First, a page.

Leta Hong Fincher: Let me be clear that whenever the rhetoric coming from the Chinese government appears to be supportive of gender equality, I have to say I'm extremely cynical. I'm not saying I don't believe anything put out by the government. But in recent years, with the massive crackdown on women's rights, on feminist activism, the anti-domestic violence law that hasn’t been enforced, and the population planning policies that have dramatically changed—I think we need to take this statement about the need to reduce abortion more seriously. Times are different.
"The role of NGOs and non-governmental organizations has been severely reduced over the last decade"
Think Global Health: Where does this new policy leave the health-care providers? Is there an equivalent of Planned Parenthood in China?
Leta Hong Fincher: There's no Planned Parenthood type of organization in China. The role of NGOs and non-governmental organizations has been severely reduced over the last decade. And this crackdown on feminism has shut down formerly, already beleaguered, very small women's rights organizations. What you do have is the All China Women's Federation. It's not officially a government agency but effectively it is. I've written about how the All China Women's Federation is very reactionary. It serves to control women as opposed to protecting women's rights.
There are of course really great doctors in China. I'm not in China right now so I'm not able to tell you what’s happening with women seeking abortions. What I do see potentially happening is that the hospitals or any physician practices—which are all overseen by the Communist Party, which has Communist cells in virtually all major businesses in China—may become more limited in their practices. It could very well become more difficult for some people to get abortions in China.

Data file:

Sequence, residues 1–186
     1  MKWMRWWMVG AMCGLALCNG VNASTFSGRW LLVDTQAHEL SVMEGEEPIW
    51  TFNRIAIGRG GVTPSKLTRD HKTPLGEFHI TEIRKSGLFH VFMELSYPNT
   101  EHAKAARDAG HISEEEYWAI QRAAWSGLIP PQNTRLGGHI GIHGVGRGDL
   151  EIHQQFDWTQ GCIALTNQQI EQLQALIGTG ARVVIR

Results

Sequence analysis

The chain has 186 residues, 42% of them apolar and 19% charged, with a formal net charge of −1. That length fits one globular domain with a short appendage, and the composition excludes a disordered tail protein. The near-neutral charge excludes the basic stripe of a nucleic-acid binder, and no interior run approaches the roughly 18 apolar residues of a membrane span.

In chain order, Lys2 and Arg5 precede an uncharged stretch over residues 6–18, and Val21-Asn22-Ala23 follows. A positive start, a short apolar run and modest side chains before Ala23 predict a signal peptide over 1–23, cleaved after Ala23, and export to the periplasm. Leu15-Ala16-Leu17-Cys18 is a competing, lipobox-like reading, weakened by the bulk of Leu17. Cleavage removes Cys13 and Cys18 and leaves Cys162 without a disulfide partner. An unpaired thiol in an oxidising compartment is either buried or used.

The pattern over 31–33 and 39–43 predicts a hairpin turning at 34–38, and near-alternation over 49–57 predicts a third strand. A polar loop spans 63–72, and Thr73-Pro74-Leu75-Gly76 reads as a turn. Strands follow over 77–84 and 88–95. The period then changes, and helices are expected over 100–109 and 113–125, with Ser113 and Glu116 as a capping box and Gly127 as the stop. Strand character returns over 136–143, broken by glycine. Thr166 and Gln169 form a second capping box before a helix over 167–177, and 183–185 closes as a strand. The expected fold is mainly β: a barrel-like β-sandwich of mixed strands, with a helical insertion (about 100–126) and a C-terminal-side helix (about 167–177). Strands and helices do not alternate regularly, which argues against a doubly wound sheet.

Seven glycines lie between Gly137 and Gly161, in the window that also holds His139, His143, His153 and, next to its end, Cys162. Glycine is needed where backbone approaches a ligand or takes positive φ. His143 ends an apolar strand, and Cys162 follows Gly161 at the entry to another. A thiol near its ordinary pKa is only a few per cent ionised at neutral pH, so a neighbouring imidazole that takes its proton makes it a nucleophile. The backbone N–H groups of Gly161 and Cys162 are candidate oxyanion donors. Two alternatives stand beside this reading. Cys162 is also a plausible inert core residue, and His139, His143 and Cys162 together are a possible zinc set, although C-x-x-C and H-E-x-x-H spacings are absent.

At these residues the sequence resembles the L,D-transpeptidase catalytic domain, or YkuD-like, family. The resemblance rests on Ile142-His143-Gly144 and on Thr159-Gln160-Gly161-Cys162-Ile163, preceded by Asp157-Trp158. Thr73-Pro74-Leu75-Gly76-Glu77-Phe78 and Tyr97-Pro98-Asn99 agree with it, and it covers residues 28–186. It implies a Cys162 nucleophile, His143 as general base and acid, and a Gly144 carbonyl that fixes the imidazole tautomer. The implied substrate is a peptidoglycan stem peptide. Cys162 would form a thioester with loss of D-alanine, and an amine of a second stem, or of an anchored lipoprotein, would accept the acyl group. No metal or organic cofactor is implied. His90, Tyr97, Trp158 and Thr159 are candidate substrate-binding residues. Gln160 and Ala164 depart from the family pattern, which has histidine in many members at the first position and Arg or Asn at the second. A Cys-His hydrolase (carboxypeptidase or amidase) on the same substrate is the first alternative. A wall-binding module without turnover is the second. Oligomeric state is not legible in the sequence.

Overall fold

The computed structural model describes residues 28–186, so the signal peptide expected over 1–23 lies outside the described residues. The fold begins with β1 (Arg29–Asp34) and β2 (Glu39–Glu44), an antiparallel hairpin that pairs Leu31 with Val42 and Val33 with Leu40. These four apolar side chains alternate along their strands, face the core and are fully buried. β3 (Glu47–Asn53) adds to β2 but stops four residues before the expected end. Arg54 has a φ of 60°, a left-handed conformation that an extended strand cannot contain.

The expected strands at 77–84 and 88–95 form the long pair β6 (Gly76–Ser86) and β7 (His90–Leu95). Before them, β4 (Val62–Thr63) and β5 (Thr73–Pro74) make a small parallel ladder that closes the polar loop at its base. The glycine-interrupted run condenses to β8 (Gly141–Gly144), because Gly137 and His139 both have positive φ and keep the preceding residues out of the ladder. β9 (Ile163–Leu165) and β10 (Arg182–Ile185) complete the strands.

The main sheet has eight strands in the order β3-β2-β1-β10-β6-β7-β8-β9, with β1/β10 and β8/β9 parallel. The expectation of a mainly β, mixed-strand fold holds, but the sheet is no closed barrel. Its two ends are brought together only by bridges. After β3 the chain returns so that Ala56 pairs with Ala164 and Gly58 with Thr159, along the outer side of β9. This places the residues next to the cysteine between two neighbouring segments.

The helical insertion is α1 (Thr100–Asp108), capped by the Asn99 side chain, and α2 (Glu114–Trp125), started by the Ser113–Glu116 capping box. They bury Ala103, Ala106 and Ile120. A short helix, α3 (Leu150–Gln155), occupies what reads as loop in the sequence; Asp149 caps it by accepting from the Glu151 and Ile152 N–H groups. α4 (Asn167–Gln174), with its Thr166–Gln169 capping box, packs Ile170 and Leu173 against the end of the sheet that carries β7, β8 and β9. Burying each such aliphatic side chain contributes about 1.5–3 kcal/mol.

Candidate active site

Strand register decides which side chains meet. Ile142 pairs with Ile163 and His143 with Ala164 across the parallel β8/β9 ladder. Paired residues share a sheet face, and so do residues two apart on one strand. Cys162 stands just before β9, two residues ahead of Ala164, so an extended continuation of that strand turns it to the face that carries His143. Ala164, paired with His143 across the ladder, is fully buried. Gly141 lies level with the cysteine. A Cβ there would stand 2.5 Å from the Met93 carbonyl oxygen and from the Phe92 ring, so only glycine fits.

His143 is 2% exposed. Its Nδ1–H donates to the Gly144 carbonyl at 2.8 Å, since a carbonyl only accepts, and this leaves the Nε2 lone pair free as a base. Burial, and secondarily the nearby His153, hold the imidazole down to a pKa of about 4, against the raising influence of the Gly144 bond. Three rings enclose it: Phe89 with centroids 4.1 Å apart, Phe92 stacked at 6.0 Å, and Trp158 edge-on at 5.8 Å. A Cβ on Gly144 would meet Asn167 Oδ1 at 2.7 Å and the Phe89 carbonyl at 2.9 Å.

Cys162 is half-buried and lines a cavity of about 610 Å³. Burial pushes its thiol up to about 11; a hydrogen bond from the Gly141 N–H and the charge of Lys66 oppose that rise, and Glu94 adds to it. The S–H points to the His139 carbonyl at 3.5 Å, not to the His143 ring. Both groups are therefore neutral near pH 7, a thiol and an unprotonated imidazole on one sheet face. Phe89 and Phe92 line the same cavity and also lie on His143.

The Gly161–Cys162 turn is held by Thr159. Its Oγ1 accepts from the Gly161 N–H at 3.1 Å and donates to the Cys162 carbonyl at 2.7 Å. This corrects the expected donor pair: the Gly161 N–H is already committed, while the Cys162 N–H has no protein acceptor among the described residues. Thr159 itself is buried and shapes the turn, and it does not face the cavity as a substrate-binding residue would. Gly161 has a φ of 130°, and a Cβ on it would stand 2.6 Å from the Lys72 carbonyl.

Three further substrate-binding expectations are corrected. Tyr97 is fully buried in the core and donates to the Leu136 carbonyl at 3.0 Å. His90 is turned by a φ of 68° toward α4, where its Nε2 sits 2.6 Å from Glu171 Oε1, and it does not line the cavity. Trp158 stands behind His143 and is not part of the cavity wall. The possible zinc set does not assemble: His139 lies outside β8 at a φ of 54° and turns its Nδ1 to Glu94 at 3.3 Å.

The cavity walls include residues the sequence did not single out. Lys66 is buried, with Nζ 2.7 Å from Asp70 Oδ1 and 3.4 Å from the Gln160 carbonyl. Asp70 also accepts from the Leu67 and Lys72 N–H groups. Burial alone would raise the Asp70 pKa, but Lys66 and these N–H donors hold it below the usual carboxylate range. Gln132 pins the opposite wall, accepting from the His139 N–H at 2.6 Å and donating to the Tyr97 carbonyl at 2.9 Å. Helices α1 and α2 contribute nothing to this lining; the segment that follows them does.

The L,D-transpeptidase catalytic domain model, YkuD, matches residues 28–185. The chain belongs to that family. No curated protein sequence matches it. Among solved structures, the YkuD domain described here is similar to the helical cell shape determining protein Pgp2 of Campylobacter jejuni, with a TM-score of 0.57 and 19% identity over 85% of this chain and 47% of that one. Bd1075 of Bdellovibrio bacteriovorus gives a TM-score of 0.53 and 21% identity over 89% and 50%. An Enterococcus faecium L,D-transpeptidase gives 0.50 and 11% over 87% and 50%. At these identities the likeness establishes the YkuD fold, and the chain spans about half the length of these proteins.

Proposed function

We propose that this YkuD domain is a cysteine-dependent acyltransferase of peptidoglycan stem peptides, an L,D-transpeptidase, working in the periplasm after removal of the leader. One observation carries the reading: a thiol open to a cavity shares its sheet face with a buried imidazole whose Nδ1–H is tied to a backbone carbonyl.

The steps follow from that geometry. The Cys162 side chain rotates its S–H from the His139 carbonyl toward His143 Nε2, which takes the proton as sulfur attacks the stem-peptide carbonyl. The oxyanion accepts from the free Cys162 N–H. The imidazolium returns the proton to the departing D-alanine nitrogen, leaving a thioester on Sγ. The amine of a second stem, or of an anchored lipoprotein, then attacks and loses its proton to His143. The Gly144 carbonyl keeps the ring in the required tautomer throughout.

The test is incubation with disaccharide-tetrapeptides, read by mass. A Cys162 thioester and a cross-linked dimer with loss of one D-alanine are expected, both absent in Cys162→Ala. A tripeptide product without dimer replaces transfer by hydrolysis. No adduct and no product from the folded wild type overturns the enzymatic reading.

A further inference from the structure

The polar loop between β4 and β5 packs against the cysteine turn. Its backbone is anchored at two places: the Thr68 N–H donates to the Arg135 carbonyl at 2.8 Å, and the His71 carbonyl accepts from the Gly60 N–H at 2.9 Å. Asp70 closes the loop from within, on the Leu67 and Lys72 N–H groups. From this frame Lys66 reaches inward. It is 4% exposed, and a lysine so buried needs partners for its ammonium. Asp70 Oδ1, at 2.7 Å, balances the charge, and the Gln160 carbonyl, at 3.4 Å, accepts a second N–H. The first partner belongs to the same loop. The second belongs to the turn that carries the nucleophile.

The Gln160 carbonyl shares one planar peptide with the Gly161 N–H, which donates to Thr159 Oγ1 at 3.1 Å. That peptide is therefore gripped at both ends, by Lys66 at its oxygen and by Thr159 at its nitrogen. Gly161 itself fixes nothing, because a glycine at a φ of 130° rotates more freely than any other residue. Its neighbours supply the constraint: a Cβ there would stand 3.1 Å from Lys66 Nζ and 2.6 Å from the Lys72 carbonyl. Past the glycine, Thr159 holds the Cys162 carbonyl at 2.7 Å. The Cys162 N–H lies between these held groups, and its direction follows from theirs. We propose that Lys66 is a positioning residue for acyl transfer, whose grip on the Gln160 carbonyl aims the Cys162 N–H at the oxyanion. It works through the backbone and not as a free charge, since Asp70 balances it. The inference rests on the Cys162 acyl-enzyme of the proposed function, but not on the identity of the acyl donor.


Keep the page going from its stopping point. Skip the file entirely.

Think Global Health: What do you think the future of women's reproductive rights in China looks like?
Leta Hong Fincher: The feminist movement in China is very resilient, it's very deep, it's very broad. And it is posing an incredibly complicated challenge to China's government. It is the most resilient, the most dynamic social movement that China has had since 1989 and the pro-democracy uprising that ended up being crushed in the Tiananmen Square massacre. Whatever hope I have about the government not restricting abortion is because of the strength of the feminist movement. Because women overall in China—particularly young college-educated women, and even girls who are in high school—have gotten involved in feminist activities. The country has changed from the ground up. There's this grassroots rights consciousness among young women and the LGBTQ community, as well.
It is very possible that the central government is not going to enforce or declare any further restrictions on abortion. It may just leave it at that one line and maybe we won't see any concerted move to restrict access to abortion. But that would only be because Communist Party officials realize they're doing this delicate dance here. It's complicated for them. If they announce some draconian ban on abortion, the outcry across the entire country would be enormous. And does Beijing really want that? I doubt it. And that is why I am still somewhat hopeful. But my hope does not lie with the Chinese Communist Party and their policies. It lies with people on the ground who are pushing back against all of these new forms of interference in the reproductive lives of all people in China.